Residents and businesses in the northwest Iowa community of Swea City are cleaning up today after severe thunderstorms pushed through Tuesday evening. There were no injuries, but there is extensive damage.
Dave Penton, the Emergency Management Coordinator for Kossuth County, says although there were multiple reports of funnel clouds in the area, the damage is not believed to have been caused by a tornado.
“We’re conducting drone flights now, to see if we can detect a path,” Penton says. “We’re unable to do that…and it’s such a broad, broad path that, at this time, we’re thinking it was straight line winds,” Penton says.
Penton has consulted with the National Weather Service as well.
“We have a pretty good gauge of the winds up here. We’ve got a communication tower on the fire station here that has rated the same winds of 90 plus miles an hour and that tower was damaged,” Penton says, “so we’re confident that we did have 90 plus mile-an-hour winds and the Weather Service is with us on that.”
There have been reports of damage to vehicles and the roofs and siding of homes in Swea City, but Penton says the primary clean-up is centered around large trees that were toppled by the storm.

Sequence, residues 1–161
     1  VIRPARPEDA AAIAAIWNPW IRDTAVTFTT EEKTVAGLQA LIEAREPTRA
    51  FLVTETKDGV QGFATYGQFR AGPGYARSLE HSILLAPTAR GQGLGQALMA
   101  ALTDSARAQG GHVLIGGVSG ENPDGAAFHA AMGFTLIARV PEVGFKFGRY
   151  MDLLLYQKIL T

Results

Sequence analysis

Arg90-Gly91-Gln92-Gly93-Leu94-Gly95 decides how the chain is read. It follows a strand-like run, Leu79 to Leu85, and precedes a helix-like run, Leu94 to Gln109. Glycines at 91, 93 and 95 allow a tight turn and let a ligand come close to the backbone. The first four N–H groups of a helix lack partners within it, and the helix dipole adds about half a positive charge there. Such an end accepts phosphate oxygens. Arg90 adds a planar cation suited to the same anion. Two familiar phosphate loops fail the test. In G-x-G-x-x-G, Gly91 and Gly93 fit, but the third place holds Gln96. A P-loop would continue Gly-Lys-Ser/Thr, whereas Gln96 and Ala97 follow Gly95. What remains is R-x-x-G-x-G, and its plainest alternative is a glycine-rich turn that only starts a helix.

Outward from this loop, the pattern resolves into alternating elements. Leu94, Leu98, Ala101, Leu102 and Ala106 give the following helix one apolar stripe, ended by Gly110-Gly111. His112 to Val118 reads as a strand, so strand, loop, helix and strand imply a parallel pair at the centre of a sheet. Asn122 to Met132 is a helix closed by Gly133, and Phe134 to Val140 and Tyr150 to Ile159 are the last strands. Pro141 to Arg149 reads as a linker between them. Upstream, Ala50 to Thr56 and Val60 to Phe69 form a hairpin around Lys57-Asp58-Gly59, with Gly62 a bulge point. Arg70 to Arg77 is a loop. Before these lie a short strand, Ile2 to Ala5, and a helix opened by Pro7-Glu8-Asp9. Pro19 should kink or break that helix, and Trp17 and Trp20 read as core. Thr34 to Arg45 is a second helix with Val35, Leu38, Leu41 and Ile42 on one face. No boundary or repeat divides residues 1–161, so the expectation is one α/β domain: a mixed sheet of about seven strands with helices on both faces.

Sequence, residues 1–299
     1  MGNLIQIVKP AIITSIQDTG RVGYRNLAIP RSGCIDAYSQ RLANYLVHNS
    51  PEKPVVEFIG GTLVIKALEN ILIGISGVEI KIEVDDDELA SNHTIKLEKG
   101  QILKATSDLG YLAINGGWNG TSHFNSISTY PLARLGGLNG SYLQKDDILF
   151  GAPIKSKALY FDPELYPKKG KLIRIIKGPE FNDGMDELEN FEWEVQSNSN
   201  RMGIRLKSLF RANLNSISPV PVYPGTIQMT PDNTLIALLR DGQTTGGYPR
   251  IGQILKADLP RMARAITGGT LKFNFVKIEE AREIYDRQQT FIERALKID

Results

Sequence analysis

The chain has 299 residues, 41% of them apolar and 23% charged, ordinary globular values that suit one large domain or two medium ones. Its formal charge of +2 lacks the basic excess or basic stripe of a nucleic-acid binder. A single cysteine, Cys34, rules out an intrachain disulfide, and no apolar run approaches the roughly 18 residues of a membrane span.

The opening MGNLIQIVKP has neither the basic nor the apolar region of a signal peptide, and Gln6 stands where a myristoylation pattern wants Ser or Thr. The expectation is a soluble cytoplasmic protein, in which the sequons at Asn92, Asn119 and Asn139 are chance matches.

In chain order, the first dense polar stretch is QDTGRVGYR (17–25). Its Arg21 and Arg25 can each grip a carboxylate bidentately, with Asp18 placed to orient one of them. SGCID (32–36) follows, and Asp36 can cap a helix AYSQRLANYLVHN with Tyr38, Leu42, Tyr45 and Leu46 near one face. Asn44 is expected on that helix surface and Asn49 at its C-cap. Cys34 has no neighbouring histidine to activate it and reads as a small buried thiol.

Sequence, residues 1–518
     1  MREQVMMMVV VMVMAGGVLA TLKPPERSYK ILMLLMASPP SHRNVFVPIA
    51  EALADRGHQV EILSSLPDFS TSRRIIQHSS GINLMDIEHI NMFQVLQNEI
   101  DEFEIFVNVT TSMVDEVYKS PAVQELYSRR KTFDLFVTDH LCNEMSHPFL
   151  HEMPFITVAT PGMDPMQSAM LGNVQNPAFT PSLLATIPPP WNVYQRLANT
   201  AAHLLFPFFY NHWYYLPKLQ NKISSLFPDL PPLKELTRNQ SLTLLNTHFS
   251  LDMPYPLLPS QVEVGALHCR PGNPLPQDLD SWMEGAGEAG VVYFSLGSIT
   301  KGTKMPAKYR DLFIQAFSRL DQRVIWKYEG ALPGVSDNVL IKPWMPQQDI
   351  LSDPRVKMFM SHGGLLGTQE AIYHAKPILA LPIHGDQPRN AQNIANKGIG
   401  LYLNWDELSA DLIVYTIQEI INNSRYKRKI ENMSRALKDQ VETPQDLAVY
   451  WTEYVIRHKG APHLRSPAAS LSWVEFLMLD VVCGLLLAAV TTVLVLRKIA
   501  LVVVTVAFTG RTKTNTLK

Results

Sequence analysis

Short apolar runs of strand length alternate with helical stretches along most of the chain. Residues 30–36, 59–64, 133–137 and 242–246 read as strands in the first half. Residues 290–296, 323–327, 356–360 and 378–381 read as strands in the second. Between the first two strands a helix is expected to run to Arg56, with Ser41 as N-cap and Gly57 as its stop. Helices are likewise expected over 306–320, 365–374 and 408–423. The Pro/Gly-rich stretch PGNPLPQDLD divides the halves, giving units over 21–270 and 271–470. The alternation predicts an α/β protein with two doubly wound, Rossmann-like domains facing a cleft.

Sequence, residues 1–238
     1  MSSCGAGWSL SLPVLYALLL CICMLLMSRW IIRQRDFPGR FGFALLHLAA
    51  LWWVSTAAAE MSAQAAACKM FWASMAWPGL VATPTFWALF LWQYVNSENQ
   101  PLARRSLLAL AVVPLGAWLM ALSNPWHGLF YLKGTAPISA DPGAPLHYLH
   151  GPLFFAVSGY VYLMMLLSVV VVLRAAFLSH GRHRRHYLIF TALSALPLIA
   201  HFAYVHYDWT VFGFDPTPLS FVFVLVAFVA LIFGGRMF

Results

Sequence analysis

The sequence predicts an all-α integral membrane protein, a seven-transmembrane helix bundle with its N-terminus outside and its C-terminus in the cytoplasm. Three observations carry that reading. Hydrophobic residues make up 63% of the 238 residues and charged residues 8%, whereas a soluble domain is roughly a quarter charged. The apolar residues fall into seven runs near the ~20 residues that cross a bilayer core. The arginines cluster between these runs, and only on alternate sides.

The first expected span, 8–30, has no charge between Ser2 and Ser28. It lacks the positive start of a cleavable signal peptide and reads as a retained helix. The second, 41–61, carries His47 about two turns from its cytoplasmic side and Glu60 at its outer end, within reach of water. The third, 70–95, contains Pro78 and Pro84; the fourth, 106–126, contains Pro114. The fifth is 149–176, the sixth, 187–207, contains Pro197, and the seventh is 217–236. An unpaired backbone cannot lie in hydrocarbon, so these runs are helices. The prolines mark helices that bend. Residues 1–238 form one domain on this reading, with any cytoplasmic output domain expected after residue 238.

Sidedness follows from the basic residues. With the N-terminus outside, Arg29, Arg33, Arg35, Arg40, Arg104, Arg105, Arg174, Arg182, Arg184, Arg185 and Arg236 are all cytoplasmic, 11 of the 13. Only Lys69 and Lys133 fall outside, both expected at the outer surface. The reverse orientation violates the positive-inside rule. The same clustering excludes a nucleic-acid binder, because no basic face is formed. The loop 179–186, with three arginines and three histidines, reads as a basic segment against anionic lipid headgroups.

“We do have a lot of heavy equipment operating in the city today, chain saws and things of that sort,” Penton says. “We request that we limit that ‘Lookie Lous’ that are traveling through the city. We do have a strong law enforcement presense up here and we will be fining for access to restricted area.”
In addition to ticketing storm damage tourists, tree services coming into Swea City must go to City Hall and get a permit. Severe thunderstorms also moved through Buena Vista, Cherokee, Emmet, Palo Alto and Pocahontas Counties Tuesday evening, but no significant damage has been reported in those areas.
There was also severe weather in southwest Iowa. The evening started with large hail reported in Harrison County around 6 p.m.
Funnel clouds and a possible tornado were spotted in Harrison and Shelby counties. One-inch diameter hail was reported in the Panama area, as was 1.25-inch hail near Neola and 1.75-inch diameter hail near Avoca. Flash flooding then followed and many intersections and roads were flooded throughout Atlantic. Some flooding of homes and businesses was reported throughout the area.
Numerous trees and tree limbs were down. Some power issues were noted in a few locations due to lightning. Standing water is still an issue in many areas and some roadways may have been impacted by storm water, so area residents are urged to use caution while traveling.
(By Corey Harguth, KICD, Spencer/ Chris Parks, KJAN, Atlantic)